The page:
Nice quick article. We also use the same rules and methods to prevent the issues you mentioned. The only critique I have is that your example is not particularly extensible, because you are using the onClick prop for the delete functionality. We usually request that the developer provide specificity for the exact handler they are requesting access to, so that we can add handlers for editing records, routing and other actions to the list item in the future.
This is an inroad to a broader digression about HTML5-compatible props and custom props that is probably outside the scope of this conversation, but we usually reserve the onClick prop key for the actual place where that HTML5 attribute will be applied to the final element (i.e. — the actual <button/>). If we have a list item that will eventually render a delete button, it gets a prop called “handleDeleteClick” which will then be passed into the onClick prop/attribute of the respective HTML5 button.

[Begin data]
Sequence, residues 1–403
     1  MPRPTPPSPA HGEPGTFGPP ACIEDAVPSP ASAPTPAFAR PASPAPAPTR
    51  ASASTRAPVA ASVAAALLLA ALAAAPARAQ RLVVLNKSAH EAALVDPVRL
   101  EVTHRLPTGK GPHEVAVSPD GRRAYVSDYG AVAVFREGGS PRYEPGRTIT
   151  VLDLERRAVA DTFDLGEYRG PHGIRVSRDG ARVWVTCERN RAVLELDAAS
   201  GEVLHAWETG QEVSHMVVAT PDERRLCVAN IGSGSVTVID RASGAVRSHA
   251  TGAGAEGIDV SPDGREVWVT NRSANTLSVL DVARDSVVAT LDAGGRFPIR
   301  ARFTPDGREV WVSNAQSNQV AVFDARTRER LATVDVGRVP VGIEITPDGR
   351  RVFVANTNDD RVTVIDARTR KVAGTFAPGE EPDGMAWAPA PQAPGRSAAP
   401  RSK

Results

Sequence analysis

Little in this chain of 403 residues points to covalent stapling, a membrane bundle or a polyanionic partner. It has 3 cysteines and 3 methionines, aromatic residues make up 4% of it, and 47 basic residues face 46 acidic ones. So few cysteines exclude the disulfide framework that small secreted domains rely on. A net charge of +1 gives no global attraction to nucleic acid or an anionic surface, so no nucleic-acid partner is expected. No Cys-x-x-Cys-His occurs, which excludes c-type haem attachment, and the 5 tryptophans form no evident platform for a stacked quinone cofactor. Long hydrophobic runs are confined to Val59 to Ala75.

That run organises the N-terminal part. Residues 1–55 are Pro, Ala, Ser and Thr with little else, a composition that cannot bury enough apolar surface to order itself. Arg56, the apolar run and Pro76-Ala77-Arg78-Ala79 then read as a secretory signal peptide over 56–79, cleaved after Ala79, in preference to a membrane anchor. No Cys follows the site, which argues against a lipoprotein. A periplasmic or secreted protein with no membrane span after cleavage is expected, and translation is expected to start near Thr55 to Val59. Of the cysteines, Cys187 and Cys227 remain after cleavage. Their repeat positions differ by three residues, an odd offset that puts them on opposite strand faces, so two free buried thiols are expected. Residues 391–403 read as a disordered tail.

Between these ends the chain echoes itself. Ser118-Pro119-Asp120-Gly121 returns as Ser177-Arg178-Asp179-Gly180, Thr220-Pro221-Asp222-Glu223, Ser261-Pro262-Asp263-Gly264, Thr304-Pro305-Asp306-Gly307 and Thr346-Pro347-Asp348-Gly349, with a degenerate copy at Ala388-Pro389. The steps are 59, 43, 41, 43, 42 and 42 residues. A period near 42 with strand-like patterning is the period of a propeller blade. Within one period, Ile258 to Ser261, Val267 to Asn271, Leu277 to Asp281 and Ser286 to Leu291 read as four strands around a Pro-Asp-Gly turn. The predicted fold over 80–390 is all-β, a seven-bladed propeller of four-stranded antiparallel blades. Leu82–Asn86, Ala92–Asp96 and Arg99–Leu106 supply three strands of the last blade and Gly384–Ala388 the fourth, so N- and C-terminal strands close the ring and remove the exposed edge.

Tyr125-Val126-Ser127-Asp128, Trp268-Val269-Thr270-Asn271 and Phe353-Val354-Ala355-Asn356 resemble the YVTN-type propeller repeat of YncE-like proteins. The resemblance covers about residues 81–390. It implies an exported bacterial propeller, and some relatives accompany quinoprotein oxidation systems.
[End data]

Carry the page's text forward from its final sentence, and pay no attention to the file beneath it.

By doing this, we don’t have to do any refactoring or renaming to add edit, lock, etc… actions to the item in the future.